Skylar and I found ourselves in a foodie predicament this past Saturday night: 7:00 p.m. and we had no reservation for dinner. We wanted to try somewhere new, but knew all the usual hot spots would definitely have a looong wait.
So Skylar and (let's call her) Michelle and I finally decided on Z Square in Harvard Square, as they had availability for 3 people at 8 o'clock. Conveniently located just steps from the T, we passed through its "cafe" upstairs and descended to its subterranean restaurant and bar.
The restaurant had a small bar area, with large rectangular high-top tables with groups sitting around nursing bottled beers and havin' a laugh ("are you havin' a laugh??" gotta love Extras). The main dining room was very open, and reminded me of a really nice dining hall or cafeteria.
So was I back in high school? Not with these prices. Maybe I’ve become spoiled by the influx of moderately priced restaurants in Boston, but whenever entrees start migrating towards the $30 mark, the joy I feel from dining out starts to get a little overshadowed by the guilt I feel at taking away money I could be using for other necessities (like a silly thing called “shelter”).
Dish Gal’s tummy wasn’t feeling up to its normal happy self, so I decided to stick to some nice, light fish. As I scanned the menu I saw this wouldn’t be a problem—Z Square actually featured quite a few fish dishes, ranging from sea scallops and swordfish to tilapia and cod. I selected the coconut fried tilapia with sugar snap peas and a cucumber-mango relish ($22). However, neither coconut nor fried seemed to appeal to me, so I simply requested that the waitress ask the chef to make it just grilled or poached tilapia.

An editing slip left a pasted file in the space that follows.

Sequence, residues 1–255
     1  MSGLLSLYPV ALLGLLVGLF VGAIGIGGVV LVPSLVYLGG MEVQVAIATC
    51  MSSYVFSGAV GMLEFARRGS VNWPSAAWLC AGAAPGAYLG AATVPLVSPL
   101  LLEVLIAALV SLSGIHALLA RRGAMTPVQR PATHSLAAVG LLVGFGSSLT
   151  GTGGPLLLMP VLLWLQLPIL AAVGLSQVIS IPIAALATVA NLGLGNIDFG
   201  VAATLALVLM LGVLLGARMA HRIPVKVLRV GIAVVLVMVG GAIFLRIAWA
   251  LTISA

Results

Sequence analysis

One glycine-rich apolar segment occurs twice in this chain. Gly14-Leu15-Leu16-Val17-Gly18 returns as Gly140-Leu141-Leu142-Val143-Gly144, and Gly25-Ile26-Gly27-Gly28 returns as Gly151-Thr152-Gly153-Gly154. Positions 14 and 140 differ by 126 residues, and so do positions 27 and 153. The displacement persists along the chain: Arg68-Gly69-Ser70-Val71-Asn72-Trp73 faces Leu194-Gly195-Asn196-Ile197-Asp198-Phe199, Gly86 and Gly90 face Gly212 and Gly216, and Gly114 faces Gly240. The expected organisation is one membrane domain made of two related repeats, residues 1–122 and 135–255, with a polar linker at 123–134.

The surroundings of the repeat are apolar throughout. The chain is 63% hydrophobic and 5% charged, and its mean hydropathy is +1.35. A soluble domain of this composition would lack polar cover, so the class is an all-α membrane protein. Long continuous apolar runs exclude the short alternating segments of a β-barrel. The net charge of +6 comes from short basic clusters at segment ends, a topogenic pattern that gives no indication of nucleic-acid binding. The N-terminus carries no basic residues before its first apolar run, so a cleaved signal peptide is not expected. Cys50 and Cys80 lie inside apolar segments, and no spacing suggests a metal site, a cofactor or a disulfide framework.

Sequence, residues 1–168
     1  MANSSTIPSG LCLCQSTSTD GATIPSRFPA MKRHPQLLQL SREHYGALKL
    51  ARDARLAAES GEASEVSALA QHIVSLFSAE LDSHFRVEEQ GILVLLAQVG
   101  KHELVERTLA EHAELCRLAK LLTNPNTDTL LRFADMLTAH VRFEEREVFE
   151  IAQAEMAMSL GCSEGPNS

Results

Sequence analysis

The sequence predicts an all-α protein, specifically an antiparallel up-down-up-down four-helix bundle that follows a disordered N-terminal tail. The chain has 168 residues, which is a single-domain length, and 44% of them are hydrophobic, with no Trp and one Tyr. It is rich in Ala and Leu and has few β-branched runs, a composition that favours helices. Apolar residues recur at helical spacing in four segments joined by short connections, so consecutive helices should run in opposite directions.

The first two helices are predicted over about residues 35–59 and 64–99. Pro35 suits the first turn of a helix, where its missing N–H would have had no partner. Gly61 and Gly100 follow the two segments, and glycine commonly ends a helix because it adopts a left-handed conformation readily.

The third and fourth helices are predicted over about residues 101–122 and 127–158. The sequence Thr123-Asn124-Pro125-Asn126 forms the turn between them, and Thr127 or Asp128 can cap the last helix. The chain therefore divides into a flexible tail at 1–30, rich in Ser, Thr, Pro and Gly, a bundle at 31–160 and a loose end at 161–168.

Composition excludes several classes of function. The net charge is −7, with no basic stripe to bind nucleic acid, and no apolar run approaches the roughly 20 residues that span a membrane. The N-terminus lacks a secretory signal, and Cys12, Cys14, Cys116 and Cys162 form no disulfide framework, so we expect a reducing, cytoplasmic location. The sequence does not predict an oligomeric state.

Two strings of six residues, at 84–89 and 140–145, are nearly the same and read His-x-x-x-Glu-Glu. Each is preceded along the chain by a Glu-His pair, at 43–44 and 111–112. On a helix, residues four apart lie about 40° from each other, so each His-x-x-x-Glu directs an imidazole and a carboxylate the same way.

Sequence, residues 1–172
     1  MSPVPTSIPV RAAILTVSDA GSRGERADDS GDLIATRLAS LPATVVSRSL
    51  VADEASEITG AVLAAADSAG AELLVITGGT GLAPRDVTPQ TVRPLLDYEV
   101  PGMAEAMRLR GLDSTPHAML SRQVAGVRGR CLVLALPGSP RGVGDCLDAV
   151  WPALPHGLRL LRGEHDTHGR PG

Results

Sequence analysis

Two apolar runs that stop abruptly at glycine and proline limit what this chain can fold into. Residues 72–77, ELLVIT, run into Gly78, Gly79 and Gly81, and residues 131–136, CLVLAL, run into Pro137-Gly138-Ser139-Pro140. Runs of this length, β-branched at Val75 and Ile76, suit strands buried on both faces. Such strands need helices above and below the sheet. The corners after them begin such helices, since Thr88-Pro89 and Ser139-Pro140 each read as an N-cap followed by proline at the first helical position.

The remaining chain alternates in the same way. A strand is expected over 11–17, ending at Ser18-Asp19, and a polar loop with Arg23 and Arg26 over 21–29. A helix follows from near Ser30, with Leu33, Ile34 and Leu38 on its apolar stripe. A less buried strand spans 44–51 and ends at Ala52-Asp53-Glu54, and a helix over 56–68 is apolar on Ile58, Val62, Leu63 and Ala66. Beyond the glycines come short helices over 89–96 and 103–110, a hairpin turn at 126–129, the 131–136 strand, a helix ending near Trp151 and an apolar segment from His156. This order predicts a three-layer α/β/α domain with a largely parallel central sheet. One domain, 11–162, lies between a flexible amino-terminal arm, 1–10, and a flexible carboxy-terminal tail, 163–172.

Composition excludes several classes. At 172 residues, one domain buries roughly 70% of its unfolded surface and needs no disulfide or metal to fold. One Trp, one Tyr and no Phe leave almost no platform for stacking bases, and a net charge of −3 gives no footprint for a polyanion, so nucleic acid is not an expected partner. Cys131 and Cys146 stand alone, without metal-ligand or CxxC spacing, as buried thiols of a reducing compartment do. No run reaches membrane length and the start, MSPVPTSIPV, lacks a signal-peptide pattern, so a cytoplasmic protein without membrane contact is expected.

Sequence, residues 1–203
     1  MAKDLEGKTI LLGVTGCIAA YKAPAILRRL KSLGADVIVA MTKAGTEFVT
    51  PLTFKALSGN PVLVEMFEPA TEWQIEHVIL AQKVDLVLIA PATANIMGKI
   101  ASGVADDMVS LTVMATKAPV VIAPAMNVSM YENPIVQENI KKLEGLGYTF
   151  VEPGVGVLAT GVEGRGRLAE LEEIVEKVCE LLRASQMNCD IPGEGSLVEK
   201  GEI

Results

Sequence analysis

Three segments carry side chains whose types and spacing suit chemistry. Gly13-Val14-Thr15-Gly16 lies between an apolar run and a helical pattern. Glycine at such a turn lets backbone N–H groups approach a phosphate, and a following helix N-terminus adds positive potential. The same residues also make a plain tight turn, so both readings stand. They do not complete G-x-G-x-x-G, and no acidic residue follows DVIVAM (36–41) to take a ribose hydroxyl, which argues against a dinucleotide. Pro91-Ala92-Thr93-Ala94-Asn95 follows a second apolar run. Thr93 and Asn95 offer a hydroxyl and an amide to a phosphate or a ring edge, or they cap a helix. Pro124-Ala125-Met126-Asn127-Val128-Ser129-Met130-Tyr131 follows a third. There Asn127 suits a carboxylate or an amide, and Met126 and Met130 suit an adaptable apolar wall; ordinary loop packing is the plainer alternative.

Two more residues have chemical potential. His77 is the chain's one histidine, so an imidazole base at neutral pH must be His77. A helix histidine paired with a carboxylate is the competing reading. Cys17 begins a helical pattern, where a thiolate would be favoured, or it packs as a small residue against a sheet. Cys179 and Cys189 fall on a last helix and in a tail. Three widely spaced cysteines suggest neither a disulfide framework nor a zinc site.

Now, Dish Gal usually doesn’t like to alter her food at restaurants—she knows that the chef created it the way it comes for a reason—but in extreme circumstances like this one, she has to stray a bit from the menu. Having waitressed before, I’ve heard some very strange requests before, but changing the way a fish was prepared was not one of them. However, our waitress awkwardly said that I couldn’t change the way the tilapia was, but that I could sub-in another fish instead. (Does this mean that the chef pre-makes the coconut fried tilapia? I was confused.) I sub-ed in the swordfish kebabs ($24) and called it a day.
In the end, the swordfish was very nice, light and flaky, and mixed in with the rice and the cucumber-mango relish, I patted myself on the back (in my head only, of course) for actually creating a nice little meal for myself! And my stomach thanked me afterwards.
My dining companions, on the other hand, tried quite a lot—they seemed happy with everything, although no “oh my god this is awesome” remarks. I took a bite of their roasted pear and prosciutto salad ($9), as that combo is one of my favorites, and it was quite tasty.
The verdict? Z-Square kind of reminds of The Cheesecake Factory for urban folks: If I’m in the mood for a fantastic meal out, I’m not going to head there. But friends are in town and no one can agree on a place and food is not the priority but rather good conversation and an overall nice time? Just might end up there.